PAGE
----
After I sat down to write about this cheese, I took my first bite of ripe and gooey Harbison, a cows milk bloomy rind (think Brie) wrapped in spruce bark. As the deep flavors forced a smile onto my face I heard the voice of Master Yoda in my head saying "you have made a wise choice young Padawan." 

Due to the healthy rind of this type, the cheese smells of garlic, onions and raw broccoli. The paste is very soft and as silky as Velveta. After my half wheel had been sitting out on the plate for 10 minutes the center started to ooze out of the wedge onto the plate. 

Upon tasting there is a progression of surprisingly bright, sweet, buttery and herbal notes with a significant dose of pine wood. The effect is rather like a $200 bottle of Balsamic vinegar. 

The progression of said nuances starts fairly slow and intensifies at a very comfortable pace. This gives you time to really enjoy each moment without feeling challenged because while Harbison is packing serious flavor, it creeps up on you and you will enjoy it before it sets off any alarms.

When dealing with a young wheel, serve just like a Brie but of course don't eat the wood on the rind. However, the rest of the rind is delicious, especially where the wood was formerly touching the rind. When more aged and runny (my fave), leave the small wheel whole and spoon from the top directly into mouth, or onto bread if you wanna be all fancy like.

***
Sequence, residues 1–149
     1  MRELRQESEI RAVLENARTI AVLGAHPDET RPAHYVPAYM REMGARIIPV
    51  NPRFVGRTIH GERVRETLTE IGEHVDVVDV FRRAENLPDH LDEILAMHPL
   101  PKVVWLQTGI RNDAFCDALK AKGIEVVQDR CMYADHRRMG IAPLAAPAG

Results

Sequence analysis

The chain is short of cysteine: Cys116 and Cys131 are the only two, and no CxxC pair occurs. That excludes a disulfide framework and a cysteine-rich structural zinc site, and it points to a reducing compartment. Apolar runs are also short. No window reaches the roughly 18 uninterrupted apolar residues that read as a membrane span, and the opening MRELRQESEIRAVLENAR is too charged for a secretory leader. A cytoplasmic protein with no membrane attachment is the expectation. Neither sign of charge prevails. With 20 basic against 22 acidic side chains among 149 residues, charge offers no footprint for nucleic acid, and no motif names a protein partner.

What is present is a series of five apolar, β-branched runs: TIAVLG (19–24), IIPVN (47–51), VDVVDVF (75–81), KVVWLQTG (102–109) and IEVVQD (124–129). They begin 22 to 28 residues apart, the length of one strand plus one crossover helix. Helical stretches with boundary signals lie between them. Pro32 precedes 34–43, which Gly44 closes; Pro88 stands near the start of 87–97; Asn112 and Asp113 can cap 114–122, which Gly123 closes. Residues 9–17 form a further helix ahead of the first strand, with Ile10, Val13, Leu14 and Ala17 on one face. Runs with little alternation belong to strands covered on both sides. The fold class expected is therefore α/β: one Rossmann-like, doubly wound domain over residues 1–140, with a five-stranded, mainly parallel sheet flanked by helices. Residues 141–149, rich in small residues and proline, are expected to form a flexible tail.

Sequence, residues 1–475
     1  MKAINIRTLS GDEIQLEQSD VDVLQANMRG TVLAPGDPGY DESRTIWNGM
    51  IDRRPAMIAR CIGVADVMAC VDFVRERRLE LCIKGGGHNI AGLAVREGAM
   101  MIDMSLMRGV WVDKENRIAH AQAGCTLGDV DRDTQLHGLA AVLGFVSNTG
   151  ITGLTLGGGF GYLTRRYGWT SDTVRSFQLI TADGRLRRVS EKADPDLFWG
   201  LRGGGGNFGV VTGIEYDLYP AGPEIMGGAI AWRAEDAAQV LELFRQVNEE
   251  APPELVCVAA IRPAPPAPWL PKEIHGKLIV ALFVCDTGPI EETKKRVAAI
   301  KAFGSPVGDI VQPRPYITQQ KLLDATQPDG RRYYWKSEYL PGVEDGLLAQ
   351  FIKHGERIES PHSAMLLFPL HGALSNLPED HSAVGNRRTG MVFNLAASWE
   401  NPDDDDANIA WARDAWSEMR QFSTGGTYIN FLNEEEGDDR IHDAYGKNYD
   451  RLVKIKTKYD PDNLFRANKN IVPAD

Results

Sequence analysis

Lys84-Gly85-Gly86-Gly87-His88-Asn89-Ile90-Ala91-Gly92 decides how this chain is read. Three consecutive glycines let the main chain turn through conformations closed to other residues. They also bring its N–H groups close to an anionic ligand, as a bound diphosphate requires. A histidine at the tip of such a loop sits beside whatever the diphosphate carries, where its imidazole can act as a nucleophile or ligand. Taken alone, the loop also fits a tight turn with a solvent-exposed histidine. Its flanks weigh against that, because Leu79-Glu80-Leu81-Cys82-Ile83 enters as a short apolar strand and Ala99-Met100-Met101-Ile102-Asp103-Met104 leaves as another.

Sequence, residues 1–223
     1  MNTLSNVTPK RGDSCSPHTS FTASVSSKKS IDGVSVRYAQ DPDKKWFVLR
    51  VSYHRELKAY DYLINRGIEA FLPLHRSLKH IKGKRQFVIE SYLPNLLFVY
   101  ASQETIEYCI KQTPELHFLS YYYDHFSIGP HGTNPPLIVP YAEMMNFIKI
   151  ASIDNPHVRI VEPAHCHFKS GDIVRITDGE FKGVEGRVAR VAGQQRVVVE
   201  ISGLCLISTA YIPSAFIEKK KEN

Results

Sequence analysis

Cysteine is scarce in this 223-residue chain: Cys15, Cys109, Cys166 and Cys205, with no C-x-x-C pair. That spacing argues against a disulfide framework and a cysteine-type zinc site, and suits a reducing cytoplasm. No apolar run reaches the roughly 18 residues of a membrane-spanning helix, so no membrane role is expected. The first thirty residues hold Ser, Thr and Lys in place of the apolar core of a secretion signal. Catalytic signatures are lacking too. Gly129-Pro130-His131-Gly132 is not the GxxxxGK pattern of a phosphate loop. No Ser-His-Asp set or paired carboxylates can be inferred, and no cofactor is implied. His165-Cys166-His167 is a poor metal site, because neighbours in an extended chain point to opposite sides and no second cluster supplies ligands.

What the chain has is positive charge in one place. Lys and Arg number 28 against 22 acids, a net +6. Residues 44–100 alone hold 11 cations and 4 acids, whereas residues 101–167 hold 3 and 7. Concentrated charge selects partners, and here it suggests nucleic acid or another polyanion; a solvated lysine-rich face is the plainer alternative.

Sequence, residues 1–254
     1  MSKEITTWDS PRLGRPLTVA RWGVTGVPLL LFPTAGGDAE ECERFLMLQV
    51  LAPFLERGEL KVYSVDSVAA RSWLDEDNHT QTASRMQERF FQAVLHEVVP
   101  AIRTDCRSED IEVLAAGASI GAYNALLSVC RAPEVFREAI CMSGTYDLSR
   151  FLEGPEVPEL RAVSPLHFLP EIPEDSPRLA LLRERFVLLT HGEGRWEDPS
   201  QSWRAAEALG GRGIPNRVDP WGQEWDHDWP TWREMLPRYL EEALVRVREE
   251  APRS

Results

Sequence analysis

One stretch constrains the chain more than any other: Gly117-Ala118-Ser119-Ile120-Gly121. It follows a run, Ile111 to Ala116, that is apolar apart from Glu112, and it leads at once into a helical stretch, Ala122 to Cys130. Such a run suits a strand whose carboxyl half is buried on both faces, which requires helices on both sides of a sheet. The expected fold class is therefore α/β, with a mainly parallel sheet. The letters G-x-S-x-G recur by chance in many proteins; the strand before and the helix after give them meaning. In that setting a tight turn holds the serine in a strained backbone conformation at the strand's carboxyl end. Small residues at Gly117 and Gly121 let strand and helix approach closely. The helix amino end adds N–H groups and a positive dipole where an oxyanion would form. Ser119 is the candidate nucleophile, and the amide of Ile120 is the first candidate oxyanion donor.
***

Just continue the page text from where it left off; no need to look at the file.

Made in the good old US of A, the end result of Harbison is actually a deeper flavor than the French cheese it was likely modeled after.  People who know me, know how rare it is for me to make such a statement. I will no longer carry the French l'Edel de Cleron. Harbison is hands down the better cheese. This cheese is a must have for serious curd nerds, but for you novices, get yourself a tasty beverage and relax, you may be surprised at how much flavor you can handle.
 
Matt Caputo is one of the first American Cheese Society Certified Cheese Experts (CCP). At Tony Caputo's Market & Deli, Matt runs one of America's most cutting edge affinage (cheese aging) programs. Matt is also an internationally recognized chocolate expert. Beyond cheese and chocolate, he has an incredible depth of knowledge when it comes to the categories of cured meats, olive oil, vinegar, honey and pasta. Preserving culinary traditions of Italy and other Southern European countries is Matt's life long goal.